U.S. stock futures are galloping higher after a booming earnings release from bank boss JPMorgan (NYSE:JPM). In early morning trading, futures on the Dow Jones Industrial Average are up 0.91%, and S&P 500 futures are higher by 0.62%. Nasdaq-100 futures have added 0.50%.
In the options pits, overall volume levels remained lackluster yesterday, with calls leading the way. Specifically, about 14.9 million calls and 12.5 million puts changed hands on the session.
However, with the distance between call and put volume narrowing, the CBOE single-session equity put/call volume ratio made a run for it to end the day at 0.67. It remains towards the center of its 2019 range, so the day-to-day shenanigans remain much ado about nothing. The 10-day moving average edged lower to 0.61.
Here were three stocks that options traders loved on Thursday. eBay (NASDAQ:EBAY) fell 5% after Jeff Bezos included negative comments about the company in his annual shareholder letter. JPMorgan calls were hot ahead of this morning’s report. Finally, Tesla (NASDAQ:TSLA) gapped 2.8% lower on continued selling pressure.
Let’s take a closer look:
eBay shares fell as much as 5% yesterday on heavy volume. The culprit for Thursday’s sell-fest appears to be a growth comparison between eBay and Amazon (NASDAQ:AMZN) that Jeff Bezos included in his annual shareholder letter. Here’s the piece that sent bears on the rampage:
“Third-party sales have grown from $0.1 billion to $160 billion — a compound annual growth rate of 52%. To provide an external benchmark, eBay’s gross merchandise sales in that period have grown at a compound rate of 20%, from $2.8 billion to $95 billion.”
The drop sent EBAY stock back below its 50-day moving average for the first time this year. With horizontal support looming at $36, however, I suggest waiting for a further breakdown before sellers declare victory. Besides, earnings are around the corner on April 23, leaving little time for traders to slip in and out without having to brave the uncertainty of a quarterly report.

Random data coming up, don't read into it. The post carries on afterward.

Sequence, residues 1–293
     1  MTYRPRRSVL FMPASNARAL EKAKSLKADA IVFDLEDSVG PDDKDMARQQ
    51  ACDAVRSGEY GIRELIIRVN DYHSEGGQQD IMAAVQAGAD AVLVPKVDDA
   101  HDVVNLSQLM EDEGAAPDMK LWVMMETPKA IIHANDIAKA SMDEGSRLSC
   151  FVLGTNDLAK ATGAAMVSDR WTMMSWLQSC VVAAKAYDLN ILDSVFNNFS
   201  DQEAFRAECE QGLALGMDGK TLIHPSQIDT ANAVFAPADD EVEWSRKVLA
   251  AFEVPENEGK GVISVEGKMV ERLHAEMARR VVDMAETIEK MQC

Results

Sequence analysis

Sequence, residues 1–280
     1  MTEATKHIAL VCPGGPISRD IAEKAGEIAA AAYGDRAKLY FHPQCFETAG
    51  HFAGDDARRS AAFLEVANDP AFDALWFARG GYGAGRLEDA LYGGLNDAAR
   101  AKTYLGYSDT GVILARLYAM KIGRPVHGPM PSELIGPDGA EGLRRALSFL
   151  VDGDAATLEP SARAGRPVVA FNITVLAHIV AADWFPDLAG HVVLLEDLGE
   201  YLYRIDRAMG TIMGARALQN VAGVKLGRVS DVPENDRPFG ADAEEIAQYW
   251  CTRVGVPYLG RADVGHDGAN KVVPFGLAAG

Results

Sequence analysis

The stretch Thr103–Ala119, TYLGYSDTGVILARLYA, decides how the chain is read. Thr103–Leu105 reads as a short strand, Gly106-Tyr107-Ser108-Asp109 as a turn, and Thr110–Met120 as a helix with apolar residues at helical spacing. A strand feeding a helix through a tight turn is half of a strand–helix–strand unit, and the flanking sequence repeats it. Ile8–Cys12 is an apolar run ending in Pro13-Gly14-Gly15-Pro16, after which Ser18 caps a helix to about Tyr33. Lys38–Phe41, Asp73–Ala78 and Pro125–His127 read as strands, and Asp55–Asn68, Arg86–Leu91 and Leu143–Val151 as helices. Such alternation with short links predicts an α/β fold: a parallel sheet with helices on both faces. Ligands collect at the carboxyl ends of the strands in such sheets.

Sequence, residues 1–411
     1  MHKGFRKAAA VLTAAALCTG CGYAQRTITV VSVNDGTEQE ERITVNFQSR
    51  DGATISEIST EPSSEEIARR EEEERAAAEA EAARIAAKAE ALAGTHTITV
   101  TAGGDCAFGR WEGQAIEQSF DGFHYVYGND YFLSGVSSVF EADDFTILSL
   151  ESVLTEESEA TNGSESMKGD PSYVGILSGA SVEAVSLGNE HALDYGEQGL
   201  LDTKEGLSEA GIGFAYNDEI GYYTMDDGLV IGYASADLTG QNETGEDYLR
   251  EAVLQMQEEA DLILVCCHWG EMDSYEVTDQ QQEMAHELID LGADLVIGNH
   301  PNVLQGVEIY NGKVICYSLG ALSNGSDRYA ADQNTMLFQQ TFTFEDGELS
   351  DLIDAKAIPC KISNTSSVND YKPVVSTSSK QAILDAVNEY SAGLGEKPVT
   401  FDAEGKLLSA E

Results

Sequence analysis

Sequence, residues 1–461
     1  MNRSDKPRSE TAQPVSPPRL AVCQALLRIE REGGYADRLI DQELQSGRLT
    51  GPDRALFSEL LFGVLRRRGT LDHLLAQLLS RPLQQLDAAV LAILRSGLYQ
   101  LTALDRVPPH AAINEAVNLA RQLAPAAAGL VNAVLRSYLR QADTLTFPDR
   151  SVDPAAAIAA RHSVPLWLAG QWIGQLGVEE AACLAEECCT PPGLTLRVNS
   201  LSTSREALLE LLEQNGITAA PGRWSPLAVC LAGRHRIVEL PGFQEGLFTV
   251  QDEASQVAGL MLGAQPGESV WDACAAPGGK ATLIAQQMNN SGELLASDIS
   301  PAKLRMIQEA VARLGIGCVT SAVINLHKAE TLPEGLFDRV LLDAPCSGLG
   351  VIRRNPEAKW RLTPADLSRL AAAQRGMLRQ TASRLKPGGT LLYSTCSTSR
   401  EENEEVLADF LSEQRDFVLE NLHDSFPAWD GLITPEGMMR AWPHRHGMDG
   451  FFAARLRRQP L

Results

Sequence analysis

On the options trading front, traders went bananas for puts. Activity zoomed to 840% of the average daily volume, with 162,473 total contracts traded. A whopping 81% of the trading came from put options alone.
The uptick in demand lit a fire under the rise in implied volatility that was already occurring ahead of earnings. By day’s end, the measure had risen to 34%, which places it at the 50th percentile of its one-year range. Premiums are now pricing in daily moves of 77 cents, or 2.1%.
JPMorgan delivered robust earnings results during this morning’s quarterly report. Traders are rewarding the bank behemoth with a 3% gain premarket.
For the first quarter, JPM raked in earnings of $2.65 per share on $29.9 billion. Analysts were expecting earnings of $2.35 on $28.36 billion. With this morning’s gains, JPM stock is now up 12% year-to-date.
The price action for the financial sector has been a mess, and JPMorgan is no exception. Inverted yield curve fears sent the sector skidding last month, and the subsequent recovery has only served to prolong the multimonth trading range. This morning’s up-gap could finally break the stalemate and kickstart a bonafide uptrend.
Ahead of the report, options traders were keen on call options. Total activity grew to 203% of the average daily volume, with 128,684 total contracts traded. Calls accounted for 62% of the sum.
Options were pricing in a gap of $1.92, or 1.8%, so this morning’s 3% pop is significant and should deliver profits to those carrying long volatility plays like straddle into the number.
Tesla has been a mainstay atop the most-active options leaderboard. Its heightened volatility makes it a popular destination for the degenerate gambler. More so than most stocks, TSLA is driven by random news events that have created a price chart littered with gaps.
The latest turn in the company’s saga is its decision to stop selling the $35k version of its Model 3 online mere weeks after its debut. Interested customers now have to either purchase through telephone or in store.
Tesla’s price chart remains bearish. Its downtrend is submerged beneath falling 200-day, 50-day, and 20-day moving averages giving little reason for optimism. On the options trading front, calls and put volumes were neck and neck on the day. Activity lifted to 131% of the average daily volume, with 281,952 total contracts traded. Puts barely edged out calls by accounting for 52% of the total.
Implied volatility drifted sideways at 66% and remains at the 38th percentile of its one-year range. Premiums are pricing in daily moves of $11.14, or 4%.
As of this writing, Tyler Craig didn’t hold a position in any of the aforementioned securities. Check out his recently released Bear Market Survival Guide to learn how to defend your portfolio against market volatility.